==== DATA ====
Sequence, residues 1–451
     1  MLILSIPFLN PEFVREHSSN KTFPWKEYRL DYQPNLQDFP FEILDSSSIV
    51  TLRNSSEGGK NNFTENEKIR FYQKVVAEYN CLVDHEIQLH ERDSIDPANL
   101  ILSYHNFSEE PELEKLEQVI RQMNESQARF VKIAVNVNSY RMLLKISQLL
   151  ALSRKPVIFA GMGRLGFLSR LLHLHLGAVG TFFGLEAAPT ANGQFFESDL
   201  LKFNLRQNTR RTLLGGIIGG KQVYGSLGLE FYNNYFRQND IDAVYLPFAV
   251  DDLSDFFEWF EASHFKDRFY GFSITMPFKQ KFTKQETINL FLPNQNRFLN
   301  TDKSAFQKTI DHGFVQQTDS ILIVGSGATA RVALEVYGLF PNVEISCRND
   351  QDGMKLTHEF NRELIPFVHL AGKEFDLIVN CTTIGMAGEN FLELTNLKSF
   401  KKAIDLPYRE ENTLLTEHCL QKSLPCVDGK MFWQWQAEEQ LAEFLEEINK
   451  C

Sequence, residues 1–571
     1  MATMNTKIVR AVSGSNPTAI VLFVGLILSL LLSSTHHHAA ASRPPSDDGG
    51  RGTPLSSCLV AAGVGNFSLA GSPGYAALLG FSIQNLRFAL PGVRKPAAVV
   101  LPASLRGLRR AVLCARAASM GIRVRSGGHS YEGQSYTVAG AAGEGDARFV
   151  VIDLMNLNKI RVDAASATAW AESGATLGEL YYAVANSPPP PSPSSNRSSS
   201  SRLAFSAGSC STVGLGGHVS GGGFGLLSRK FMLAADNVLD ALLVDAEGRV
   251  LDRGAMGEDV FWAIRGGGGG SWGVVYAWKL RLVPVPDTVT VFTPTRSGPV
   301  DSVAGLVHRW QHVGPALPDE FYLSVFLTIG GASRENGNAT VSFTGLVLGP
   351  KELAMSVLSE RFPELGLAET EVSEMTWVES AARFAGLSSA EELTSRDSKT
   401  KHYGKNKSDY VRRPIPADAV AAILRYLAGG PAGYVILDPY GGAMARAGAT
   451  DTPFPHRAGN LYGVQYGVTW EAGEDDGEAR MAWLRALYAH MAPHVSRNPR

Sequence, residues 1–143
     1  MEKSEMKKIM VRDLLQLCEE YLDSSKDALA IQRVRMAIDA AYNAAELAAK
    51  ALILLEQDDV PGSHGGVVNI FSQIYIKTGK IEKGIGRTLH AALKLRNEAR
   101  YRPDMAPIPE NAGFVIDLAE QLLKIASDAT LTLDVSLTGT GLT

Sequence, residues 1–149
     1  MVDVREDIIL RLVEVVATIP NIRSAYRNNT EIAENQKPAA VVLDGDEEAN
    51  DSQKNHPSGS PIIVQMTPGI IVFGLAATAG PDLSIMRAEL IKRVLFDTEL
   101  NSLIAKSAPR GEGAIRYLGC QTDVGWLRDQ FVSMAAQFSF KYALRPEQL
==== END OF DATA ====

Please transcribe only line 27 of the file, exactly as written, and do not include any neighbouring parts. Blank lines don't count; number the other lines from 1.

Sequence, residues 1–149